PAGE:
Look out! He’s behind you!


Both very large, one not very green…..

Has DCLG got it in for DECC? You don’t need to be a complete conspiracy theorist to conclude that it has.  You only need to look at the appearance of the Green Deal, contained in the Department’s flagship energy bill now going through Parliament, and the sniping from DCLG it has endured ever since its inception.

First there was the emergence of the provisions in the bill for landlords of rented property to be encouraged to uprate the energy efficiency of their properties through green deal, and the inclusion of reserve powers to penalise landlords who refuse to have anything to do with it. There was a supportive response from DCLG: the cancellation of plans to introduce a national register of landlords and homes in multiple occupation, making it all but impossible actually to find anyone who might be penalised under the legislation.

Secondly the Green Deal, which applied only to homes already in existence, for the very good reason that there existed already the Code for Sustainable Homes. The Code requires all homes built from 2016 onwards to be ‘zero carbon’ overall that is, the emissions from the home taken all together with any energy saving or production measures built into the house would come to zero – no need, then for any sort of ‘green deal’ makeover.  At least that end of the housing market would be secure, and as DECC ministers repeatedly made clear, it was the 26 million existing homes in the UK that would be the focus of Green Deal.  Greg Barker, the minister responsible for the Green deal was also clear about new build.    “We are committed to carbon neutrality”,  he said last July “and I know that my colleagues in the Department for Communities and Local Government are looking to see if there is any room for making the target more effective.”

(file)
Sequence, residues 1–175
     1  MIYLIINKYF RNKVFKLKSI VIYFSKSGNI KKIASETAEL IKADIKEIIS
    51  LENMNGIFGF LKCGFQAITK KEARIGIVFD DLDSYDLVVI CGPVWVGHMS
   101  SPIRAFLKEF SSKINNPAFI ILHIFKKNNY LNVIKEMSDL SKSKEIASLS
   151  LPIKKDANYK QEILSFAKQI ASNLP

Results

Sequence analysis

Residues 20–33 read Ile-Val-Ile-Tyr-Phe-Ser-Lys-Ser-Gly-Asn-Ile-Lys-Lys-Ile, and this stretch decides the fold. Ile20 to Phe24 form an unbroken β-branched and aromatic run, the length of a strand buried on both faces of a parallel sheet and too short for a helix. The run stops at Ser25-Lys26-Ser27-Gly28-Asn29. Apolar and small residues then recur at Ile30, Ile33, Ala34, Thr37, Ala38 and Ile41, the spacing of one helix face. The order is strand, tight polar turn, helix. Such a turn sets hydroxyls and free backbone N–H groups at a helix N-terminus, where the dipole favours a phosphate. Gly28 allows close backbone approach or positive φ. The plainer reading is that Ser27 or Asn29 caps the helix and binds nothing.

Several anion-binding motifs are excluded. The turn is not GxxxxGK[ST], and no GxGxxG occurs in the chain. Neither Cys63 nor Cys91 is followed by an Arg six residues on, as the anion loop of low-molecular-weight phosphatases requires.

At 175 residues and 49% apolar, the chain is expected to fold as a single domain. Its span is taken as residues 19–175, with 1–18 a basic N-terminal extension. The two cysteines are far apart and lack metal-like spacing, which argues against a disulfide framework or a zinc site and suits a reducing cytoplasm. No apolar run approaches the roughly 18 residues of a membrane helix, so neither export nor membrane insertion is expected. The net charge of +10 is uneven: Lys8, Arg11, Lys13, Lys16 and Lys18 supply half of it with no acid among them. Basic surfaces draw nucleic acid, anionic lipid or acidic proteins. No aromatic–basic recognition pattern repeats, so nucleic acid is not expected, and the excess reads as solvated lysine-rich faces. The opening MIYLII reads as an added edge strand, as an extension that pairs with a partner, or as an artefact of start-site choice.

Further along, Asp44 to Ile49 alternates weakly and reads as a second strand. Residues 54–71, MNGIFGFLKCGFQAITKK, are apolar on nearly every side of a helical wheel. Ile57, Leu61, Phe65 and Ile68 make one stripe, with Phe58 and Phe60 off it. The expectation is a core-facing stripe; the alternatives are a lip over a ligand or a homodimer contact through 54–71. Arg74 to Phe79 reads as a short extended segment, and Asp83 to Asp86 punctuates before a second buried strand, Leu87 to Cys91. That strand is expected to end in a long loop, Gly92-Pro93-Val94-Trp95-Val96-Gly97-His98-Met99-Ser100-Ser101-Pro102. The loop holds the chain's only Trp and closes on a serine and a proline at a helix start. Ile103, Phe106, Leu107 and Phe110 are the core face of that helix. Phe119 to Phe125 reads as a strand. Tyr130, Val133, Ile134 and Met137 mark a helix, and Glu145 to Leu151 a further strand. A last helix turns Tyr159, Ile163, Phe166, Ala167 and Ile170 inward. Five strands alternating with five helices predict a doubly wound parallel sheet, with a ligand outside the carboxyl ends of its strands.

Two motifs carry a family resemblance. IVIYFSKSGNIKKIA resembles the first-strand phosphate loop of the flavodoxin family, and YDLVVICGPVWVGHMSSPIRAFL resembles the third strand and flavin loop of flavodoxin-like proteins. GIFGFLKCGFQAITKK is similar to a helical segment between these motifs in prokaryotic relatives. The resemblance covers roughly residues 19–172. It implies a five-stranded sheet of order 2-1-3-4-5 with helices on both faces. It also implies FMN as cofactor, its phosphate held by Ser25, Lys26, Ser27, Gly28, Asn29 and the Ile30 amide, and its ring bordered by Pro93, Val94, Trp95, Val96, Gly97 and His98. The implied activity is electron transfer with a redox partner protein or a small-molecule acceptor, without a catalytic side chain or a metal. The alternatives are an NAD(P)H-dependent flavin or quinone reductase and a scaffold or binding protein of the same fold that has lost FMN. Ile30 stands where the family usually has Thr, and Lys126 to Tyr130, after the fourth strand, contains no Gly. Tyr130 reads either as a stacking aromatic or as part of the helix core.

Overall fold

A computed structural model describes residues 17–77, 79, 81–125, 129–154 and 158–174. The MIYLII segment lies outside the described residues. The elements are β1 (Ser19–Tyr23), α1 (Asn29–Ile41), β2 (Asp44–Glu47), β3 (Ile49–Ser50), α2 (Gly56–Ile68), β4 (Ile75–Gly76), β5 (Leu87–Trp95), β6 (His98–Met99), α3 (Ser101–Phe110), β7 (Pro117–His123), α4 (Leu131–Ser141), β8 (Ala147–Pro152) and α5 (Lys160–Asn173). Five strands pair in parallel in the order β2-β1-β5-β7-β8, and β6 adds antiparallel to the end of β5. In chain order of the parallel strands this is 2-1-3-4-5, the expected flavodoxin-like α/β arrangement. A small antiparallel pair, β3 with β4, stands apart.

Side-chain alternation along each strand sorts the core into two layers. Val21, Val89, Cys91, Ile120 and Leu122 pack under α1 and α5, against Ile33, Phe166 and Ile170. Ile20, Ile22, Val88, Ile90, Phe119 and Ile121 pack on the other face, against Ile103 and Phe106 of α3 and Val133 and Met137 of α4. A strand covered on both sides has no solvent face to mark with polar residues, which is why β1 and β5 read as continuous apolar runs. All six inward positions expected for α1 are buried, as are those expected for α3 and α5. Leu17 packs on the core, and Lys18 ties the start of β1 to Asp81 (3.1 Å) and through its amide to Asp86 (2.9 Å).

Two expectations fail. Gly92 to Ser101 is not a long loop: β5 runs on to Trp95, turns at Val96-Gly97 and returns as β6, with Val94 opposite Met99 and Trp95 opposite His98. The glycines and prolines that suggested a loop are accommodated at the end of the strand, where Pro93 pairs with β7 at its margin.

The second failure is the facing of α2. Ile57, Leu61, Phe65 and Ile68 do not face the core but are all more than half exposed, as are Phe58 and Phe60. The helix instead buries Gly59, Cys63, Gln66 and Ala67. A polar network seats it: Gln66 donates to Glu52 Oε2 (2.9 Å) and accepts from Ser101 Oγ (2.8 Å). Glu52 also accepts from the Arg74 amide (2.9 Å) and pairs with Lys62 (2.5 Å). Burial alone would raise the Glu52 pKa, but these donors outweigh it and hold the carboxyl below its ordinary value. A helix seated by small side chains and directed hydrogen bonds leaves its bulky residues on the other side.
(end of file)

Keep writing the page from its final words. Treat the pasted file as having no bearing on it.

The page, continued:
Supportive response from DCLG: take the carbon neutral plans for new house building out and shoot them, which is what they have succeeded in doing in some  unannounced small-print  passages in the budget documents.  Builders will now only be “accountable for those carbon dioxide emissions that are covered by the building regulations” a change that, according to the UK Green Building council, lowers carbon savings for new homes built after 2016 by a third.

That little piece of sabotage is, incidentally accompanied by the bizarre suggestion from DCLG (housing minister Grant Shapps on 1st February, to be precise) that somehow, the Green Deal can be used to underwrite the costs of meeting even this lower carbon requirement:  as far as I can see he envisages B&Q nipping in to fund the solar roof as it is put on the new house, so that the eventual proud owner, and not the builder, foots the long term cost of putting it up. Hmmm. I wonder if he consulted you on this, Greg?  Either way he had enough clout to get it put into the Government ‘Plan for Growth’ as an outline commitment.